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Hello people.

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  • Member since
    November, 2017
Hello people.
Posted by Gluecipher on Friday, November 17, 2017 4:23 AM

Im a guy going towards fifty years, year after year,and time goes faster and faster it seems.

Had my first crush on scale models at around 1987, and it was AMT's 1932 ford. Tried my luck with tanks too but we never really felt deeper bond so i just stuck with the cars. We had nice beginning relationship for what 10 years or so but then i found external relationship and moved away from models for a long long time, but i did date a  few at early 2000's but i gave up again for something like 10 years. It wasnt until late 2016 when i kept finding my self wandering through the model related pages, in the darkness of late night hours, and one morning i felt i had to end dreaming of it, and make it happen. 


Bought myself a few kits, then few more. Nothing is ready yet, and i recall i might have had tendency to haul more parts box parts, than i ever got models actually on their tiny wheels. 

But i am getting there, step by step i've got a hold of the parts i like, and if i am lucky, i might even get atleast one model build.

I am into junkyard dogs, beatup wrecker pickups, road warriors circling around petrol plants, gas station memorabilia, nostalgic stuff overall gets my attention.

But if any, I like to follow and drool upon attempts to build perioid correct rods set in 1920-1950's or early sixties ,be them in 1:25 or 1:1 scale. Gowjobs and other more raw deals that are and were daily driven are more fascinating to me than fully chromed trailer queens. 

AMT is my favorite maker, but Revell has good few ones too. Well..had, atleast. I like flatheads over any other engine, and inline six engines might be the second best option. Rust and patina you guys can make, is something i really admire and i would like to learn to do myself as well. If it has a beaten bed with set of tools there, its very likely that i like your build. If it has a hopped up four banger, thats plain awesome too.

I own airbrush but my compressor is broken and i might like the surface which brush leaves, as in my head it looks like some poor guy like myself, painted it with what he had in the shed. Its linked maybe to the fact that i like old gas welded seams, torches used as shears and such...but dont get me wrong, i have mixed feelings about so called rat rods.


Well thats a few things i wanted to tell you. I am not so sorry about spelling all so correct but i am doing my best with this language that aint my native.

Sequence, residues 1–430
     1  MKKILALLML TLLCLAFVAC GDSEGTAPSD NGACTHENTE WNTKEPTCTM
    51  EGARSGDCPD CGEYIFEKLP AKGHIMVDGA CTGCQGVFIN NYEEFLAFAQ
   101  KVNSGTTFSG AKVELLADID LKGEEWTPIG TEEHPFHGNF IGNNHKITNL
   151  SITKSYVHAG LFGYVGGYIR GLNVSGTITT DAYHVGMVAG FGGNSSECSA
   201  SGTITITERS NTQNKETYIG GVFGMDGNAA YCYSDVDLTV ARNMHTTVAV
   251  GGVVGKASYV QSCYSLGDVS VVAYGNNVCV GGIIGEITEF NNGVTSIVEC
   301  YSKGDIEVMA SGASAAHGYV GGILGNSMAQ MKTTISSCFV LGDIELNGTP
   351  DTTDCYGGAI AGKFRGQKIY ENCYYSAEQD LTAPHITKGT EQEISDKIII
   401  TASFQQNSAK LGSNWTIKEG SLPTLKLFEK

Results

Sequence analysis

(Edited once to correct spelling .)

  • Member since
    December, 2003
  • From: Nova Scotia
Posted by Bainford on Friday, November 17, 2017 10:10 AM

Welcome to the forum. This is a great place to dive back into the hobby. Cheers.

Perfection is achieved not when there is nothing more to add, but when there is nothing left to take away.
       - Antoine de Saint-Exepury


  • Member since
    November, 2017
Posted by Gluecipher on Friday, November 17, 2017 10:13 AM

Thank youYes

I've been eyeballing here a lot and thought it would not hurt to be able to participate in some way.

  • Member since
    March, 2005
  • From: Fort Knox
Posted by Rob Gronovius on Friday, November 17, 2017 10:57 AM

The old classic car kits by AMT get my attention at the local stores. I did grab one and wasn't impressed. It was the Manx dune buggy and was due mainly to the extra thick chrome plating. Needless to say I've steered towards newer tooled models recently.


  • Member since
    November, 2017
Posted by Gluecipher on Friday, November 17, 2017 11:07 AM



Yes i do realise AMT is sometimes bit old world BUT that might be the thing why i like em. I cant be too picky on scale measure accuracy or such as in my world, theres no chances to buy better detailed, more accurate aftermarket resin parts like atleast in USA people can, with reasonable total costs. To me the feeling is more important, i guess, and AMT delivers ton of nostalgy for me. Sure, i have Revell's unbuilt 29 Ford roadster that has some very fine tooling, just like their 48 Ford does. 

Right this moment i'm cleaning some flash from Lindberg's 1934 PU, the one that originates from AMT.  I have admired the drawing by Barris did for the original era instructions, suggesting use of blown engine and zoom headers...but i sure need to do a few things to get it look nice atleast in my books. New drop axle, and such.


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